Show Pony has materialised within weeks of Taylor Swift’s folklore – the country-pop megastar, rarely recognised for her formative disruption of Nashville conventions, pivoting to indie-folk. Peck, too, balances a personal need for catharsis with an instinct to archly self-mythologise. Indeed, he is no postmodernist fabulist, rendering his experiences figuratively rather than fabricating. Peck ironises and transgresses tropes in celebrating them – his favourite that of the cowboy rebel. Somehow, Peck’s work is expansively neo-traditionalist.
Show Pony‘s lead single, ‘Summertime’ is part-Billy Idol torch song; part-Ennio Morricone spaghetti western film score. A precariously nostalgic Peck sings about temporality, the momentum of hope, and imagining better days. Conversely, he conveys the world weariness of the outlaw (or outsider) on ‘No Glory In The West’ – quieter with acoustic guitar. Less stylised, ‘Drive Me, Crazy’ is a live-sounding barn number with rock guitar and piano. ‘Kids’ is reflectively wry.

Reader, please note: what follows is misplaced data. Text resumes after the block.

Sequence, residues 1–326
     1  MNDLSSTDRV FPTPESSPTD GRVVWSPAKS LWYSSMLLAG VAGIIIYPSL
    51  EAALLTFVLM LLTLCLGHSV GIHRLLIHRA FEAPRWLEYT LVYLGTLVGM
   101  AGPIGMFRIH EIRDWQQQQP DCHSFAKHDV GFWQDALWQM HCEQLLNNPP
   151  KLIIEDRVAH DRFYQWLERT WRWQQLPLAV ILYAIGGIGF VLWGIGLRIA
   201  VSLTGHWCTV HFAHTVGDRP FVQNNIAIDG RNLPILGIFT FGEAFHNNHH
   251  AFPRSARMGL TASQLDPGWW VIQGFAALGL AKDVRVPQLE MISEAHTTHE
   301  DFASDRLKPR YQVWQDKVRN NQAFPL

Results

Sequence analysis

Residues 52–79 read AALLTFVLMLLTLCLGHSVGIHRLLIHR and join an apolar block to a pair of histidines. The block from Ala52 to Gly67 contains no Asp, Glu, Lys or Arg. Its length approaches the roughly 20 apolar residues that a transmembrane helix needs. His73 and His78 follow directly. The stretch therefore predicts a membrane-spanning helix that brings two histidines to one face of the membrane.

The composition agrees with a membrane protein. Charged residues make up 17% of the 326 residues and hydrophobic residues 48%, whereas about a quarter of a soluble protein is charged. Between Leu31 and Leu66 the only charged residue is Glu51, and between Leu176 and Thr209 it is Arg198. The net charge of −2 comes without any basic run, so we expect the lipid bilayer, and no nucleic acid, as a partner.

Peck often covers country standards in gigs, teasing out sexual and gender nuances (kd lang did something similar for 1997’s Drag, ostensibly reinterpreting songs with a smoking theme, but really exploring social masquerade). Here, he presents a studio version of Bobbie Gentry’s 1969 hit ‘Fancy’. Gentry, a feminist country trailblazer, quit the music industry to supposedly become a recluse. Reba McEntire brashly revived ‘Fancy’ in the ’90s. Yet Peck’s ‘Fancy’ is Nick Cave-mode gothic.
Still, the buzz song on Show Pony is that duet with Twain. The ’90s phenom embarked on an extended hiatus in 2004 due to health concerns, eventually returning with a Las Vegas residency and a chart-topping confessional album, Now. That alone makes Peck’s collab a coup. And ‘Legends Never Die’ is a rhinestone-studded rodeo “bop” that deserves radio attention.
Peck is a wanderer and a wonderer. But, with Show Pony, he rides home.